When the latest issue of The American Prospect came out -- with a picture of Barack Obama on the cover, and the headline, "Our Moment" -- occasional TAP contributor Spencer Ackerman wrote that although the headline referred to progressives in general, it might have referred to TAP itself. "Right now I think it's fair to say that the Prospect best captures the political zeitgeist of any opinion magazine out there." He's right. As much fun as it is shaking your fist at those who hold power, a magazine like the Prospect becomes even more important when the government is controlled by people who are more sympathetic its point of view. The Prospect incubates ideas, illuminates both the good and the bad in government and society, and helps set the terms of debate. And some very important people will be listening. In an alternate universe, progressive political magazines like the Prospect would be hugely profitable, paying their suffering editorial staff kingly salaries to do their essential...

Government Is Back

On Jan. 20 the Age of Reagan ends, and the Age of Obama begins. We don't know if it will last, but we do know that conservatives can no longer force everyone to play by their rules.

Years from now, we will look back on Jan. 20, 2009, as the day the era of conservative dominance we might call the Age of Reagan finally came to an end. Twenty-eight years ago, the 40th president looked out over the National Mall and proclaimed , "Government is not the solution to our problem; government is the problem." He went on, "It is no coincidence that our present troubles parallel and are proportionate to the intervention and intrusion in our lives that result from unnecessary and excessive growth of government." It was a message the country was ready to hear, and in the years that followed, Reagan's party and his ideology dominated our political life. But this year's election -- and what has happened since -- makes it clear that a new era is beginning. Obama has seized on the economic meltdown to propose not just tougher regulations but an aggressive program of federal spending to restore infrastructure, rebuild crumbling schools, and create green jobs. We don't know yet know...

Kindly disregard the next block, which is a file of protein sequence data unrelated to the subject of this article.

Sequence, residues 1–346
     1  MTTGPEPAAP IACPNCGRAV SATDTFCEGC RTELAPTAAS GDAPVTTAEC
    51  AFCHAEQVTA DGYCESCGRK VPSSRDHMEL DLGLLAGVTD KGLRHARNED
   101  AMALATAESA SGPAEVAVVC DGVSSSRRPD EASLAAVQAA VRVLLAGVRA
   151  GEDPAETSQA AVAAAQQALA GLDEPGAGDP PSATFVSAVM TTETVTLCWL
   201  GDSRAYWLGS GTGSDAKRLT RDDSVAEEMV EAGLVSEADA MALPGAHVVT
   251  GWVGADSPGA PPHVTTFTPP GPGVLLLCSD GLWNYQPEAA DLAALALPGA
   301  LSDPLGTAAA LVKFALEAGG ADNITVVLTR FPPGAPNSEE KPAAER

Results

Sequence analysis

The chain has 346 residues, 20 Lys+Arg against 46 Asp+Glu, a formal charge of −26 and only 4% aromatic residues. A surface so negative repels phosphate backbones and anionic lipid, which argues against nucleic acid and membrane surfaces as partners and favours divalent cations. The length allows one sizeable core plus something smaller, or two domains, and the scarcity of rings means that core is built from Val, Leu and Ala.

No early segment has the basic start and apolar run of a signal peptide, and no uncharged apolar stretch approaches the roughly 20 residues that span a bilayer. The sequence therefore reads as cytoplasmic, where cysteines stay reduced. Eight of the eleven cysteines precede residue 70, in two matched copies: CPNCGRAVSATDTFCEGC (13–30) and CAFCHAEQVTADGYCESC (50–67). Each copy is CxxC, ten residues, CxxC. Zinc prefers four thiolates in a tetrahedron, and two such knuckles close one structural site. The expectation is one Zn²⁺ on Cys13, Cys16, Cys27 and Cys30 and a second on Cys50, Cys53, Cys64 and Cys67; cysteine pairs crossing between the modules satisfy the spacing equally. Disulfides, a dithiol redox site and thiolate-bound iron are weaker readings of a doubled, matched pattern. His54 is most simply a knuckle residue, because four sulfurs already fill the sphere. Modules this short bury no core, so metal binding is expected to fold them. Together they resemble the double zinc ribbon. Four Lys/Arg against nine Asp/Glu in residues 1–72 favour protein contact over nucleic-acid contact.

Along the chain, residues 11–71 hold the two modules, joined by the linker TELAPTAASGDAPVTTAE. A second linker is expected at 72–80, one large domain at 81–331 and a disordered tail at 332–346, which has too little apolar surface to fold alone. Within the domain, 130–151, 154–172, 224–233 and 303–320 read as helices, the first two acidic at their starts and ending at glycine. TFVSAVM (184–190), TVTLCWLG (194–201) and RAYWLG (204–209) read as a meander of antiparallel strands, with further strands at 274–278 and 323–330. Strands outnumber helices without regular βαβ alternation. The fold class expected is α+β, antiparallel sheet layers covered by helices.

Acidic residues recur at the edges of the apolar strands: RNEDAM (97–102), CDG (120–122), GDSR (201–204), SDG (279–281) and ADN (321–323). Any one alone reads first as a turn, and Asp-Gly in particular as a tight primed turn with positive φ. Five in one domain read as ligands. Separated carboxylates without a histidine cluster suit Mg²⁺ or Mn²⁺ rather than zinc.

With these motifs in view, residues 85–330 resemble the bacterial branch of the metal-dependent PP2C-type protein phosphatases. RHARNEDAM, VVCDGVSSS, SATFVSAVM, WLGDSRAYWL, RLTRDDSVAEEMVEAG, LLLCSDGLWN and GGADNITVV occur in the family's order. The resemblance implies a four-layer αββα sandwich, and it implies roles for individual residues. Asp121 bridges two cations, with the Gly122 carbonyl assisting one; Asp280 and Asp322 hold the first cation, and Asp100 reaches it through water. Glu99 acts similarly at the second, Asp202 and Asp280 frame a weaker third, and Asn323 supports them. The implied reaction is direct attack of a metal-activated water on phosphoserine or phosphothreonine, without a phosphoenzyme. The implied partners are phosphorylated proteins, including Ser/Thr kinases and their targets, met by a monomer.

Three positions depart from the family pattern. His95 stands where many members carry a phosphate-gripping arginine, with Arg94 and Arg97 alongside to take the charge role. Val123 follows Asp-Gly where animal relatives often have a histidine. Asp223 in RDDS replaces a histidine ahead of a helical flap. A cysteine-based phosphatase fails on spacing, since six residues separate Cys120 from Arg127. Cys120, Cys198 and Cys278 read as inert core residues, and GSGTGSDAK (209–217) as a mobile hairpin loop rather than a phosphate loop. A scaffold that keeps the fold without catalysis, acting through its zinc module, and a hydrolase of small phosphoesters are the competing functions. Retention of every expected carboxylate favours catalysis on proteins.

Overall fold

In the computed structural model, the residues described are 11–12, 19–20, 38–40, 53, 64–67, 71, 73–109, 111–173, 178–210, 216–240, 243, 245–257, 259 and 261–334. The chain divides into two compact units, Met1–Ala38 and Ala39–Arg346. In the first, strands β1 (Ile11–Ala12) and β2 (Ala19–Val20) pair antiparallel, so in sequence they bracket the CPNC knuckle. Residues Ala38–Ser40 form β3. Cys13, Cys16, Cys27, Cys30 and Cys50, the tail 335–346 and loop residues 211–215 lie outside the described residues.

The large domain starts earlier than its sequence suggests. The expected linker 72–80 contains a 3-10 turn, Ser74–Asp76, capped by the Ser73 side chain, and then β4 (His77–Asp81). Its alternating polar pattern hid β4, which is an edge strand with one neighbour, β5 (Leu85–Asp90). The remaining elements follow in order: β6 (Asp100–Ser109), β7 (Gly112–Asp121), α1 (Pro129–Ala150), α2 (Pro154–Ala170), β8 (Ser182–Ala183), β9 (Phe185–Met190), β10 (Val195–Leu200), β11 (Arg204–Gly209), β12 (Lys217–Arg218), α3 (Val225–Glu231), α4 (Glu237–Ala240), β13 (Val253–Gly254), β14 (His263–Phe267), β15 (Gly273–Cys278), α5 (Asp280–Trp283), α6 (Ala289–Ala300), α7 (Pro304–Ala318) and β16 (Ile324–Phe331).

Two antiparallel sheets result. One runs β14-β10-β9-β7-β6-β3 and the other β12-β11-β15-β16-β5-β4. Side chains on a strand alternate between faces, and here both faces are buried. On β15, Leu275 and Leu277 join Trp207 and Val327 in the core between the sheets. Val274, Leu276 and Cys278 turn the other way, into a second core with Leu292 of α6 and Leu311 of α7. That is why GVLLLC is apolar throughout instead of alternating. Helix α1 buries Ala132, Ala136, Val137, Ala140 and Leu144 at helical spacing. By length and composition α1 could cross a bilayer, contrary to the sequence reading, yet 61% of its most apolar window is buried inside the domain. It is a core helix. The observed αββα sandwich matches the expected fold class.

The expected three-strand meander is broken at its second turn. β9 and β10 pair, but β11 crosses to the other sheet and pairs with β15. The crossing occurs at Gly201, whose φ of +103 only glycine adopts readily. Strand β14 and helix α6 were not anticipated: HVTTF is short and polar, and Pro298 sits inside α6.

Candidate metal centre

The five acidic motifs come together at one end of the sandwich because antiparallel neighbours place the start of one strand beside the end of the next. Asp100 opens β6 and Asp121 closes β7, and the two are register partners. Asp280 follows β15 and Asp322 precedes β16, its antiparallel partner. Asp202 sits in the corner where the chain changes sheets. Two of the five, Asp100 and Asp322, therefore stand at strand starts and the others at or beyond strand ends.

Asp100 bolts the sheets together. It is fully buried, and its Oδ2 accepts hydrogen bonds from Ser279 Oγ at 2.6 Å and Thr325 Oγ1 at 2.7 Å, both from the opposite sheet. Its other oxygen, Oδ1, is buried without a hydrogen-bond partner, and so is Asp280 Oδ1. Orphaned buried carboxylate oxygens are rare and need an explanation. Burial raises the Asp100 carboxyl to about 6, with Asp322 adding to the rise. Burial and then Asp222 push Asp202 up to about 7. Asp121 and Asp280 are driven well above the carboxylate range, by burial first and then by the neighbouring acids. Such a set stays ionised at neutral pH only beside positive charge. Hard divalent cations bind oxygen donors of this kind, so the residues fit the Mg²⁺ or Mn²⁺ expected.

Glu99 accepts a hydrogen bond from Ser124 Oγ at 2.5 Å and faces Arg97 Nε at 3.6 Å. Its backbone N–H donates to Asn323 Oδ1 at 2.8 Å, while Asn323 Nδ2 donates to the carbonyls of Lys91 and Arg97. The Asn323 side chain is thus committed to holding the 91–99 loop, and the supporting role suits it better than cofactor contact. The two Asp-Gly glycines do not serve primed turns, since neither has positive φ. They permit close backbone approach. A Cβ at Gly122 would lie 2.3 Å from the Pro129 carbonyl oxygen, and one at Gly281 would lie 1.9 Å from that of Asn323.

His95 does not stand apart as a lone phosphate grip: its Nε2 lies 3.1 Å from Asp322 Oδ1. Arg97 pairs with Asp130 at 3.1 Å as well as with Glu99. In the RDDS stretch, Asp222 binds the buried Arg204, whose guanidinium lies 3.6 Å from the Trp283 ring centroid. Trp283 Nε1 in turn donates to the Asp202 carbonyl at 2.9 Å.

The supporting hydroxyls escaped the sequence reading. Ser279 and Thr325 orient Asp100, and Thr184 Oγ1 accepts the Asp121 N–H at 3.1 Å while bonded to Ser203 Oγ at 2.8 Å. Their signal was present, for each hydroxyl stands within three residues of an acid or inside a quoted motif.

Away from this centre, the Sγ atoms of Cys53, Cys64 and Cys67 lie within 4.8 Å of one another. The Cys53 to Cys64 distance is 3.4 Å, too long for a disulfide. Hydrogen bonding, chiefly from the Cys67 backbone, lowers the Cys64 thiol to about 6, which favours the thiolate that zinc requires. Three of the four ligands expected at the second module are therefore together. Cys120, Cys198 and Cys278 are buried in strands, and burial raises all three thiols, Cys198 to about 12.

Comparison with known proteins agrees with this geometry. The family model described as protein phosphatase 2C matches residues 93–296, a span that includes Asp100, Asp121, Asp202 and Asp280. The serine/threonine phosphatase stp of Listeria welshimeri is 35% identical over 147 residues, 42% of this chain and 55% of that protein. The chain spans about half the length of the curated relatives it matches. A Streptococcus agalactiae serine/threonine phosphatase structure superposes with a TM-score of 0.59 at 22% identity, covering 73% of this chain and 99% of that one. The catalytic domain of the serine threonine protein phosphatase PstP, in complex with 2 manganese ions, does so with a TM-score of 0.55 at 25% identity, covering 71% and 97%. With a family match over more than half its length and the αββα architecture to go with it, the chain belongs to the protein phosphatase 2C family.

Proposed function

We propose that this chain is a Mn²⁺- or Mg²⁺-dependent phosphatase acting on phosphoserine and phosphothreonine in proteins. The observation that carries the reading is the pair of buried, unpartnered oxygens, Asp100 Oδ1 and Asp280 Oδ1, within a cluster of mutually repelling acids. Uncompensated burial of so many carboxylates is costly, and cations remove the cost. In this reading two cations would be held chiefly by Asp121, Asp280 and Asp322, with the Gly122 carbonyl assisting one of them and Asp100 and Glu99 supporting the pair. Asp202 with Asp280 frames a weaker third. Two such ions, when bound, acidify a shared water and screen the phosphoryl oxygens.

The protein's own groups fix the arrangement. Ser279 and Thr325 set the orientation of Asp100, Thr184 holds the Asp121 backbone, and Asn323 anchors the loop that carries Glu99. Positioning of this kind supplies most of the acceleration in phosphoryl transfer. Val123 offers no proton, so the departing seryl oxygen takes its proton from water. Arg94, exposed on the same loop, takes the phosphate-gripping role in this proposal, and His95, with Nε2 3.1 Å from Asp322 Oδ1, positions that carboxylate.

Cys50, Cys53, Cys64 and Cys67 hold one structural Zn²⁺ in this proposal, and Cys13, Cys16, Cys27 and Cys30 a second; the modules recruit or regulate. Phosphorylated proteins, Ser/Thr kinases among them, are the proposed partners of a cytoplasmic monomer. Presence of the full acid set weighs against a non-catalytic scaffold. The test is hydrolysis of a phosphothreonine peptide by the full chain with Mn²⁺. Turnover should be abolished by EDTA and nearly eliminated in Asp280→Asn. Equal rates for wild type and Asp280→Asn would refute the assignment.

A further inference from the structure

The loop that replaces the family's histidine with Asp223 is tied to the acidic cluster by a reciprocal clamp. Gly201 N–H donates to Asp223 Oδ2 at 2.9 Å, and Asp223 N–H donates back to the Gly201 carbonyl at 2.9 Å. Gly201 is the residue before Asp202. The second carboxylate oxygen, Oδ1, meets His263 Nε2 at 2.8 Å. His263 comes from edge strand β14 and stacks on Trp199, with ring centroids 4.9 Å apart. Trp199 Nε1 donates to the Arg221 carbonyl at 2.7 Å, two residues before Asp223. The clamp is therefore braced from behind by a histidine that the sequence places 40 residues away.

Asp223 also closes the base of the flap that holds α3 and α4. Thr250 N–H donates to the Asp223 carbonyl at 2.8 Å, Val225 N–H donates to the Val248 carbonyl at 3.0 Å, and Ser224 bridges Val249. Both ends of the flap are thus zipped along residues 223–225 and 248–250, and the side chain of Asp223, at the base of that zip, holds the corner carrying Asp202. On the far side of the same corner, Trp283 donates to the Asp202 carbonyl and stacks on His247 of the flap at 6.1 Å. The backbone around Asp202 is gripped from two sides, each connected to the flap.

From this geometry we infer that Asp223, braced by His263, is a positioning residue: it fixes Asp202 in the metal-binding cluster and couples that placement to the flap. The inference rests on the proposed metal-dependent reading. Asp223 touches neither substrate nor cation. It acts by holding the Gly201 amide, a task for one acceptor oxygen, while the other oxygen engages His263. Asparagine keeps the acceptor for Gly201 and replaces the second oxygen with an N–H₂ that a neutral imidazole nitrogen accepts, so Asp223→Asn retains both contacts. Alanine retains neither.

Obama and Liberals' Fears

The 2008 election was defined as much by things that didn't happen -- from racism denying Obama the presidency to working-class men finding him too elitist -- as things that did.

It's quickly becoming a cliché to call the 2008 election "historic," and we haven't even seen the passel of books about the race that will no doubt be hitting shelves six months or so from now. But before we become consumed with the blizzard of activity that will accompany President Obama's first 100 days, it's worth taking a look back at, not just what happened in 2008 but what didn't happen (and I should note that the week after the election, Prospect editor Mark Schmitt graded some of the pre-election theories; some of what he discussed is mentioned here). In fact, there may be no election in memory in which so many predictions turned out to be so wrong. That's in part because there are so many more predictions swirling around the tornado of commentary that accompanies the modern campaign. But never have so many supposedly informed and knowledgeable people gotten so much wrong in a single election. Most of the misconceptions, it turns out, can be traced back to the fact that the...